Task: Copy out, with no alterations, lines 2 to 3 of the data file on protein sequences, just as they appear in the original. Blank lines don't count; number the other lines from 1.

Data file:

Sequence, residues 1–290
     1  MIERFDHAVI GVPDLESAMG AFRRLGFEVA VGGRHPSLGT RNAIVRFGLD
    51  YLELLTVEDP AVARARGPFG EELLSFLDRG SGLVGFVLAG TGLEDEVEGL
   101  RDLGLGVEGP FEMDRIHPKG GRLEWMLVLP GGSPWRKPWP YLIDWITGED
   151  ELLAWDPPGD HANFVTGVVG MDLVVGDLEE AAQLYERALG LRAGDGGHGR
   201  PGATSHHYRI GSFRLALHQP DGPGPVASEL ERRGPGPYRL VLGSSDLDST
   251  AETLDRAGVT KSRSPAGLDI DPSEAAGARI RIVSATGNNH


     1  MIERFDHAVI GVPDLESAMG AFRRLGFEVA VGGRHPSLGT RNAIVRFGLD
    51  YLELLTVEDP AVARARGPFG EELLSFLDRG SGLVGFVLAG TGLEDEVEGL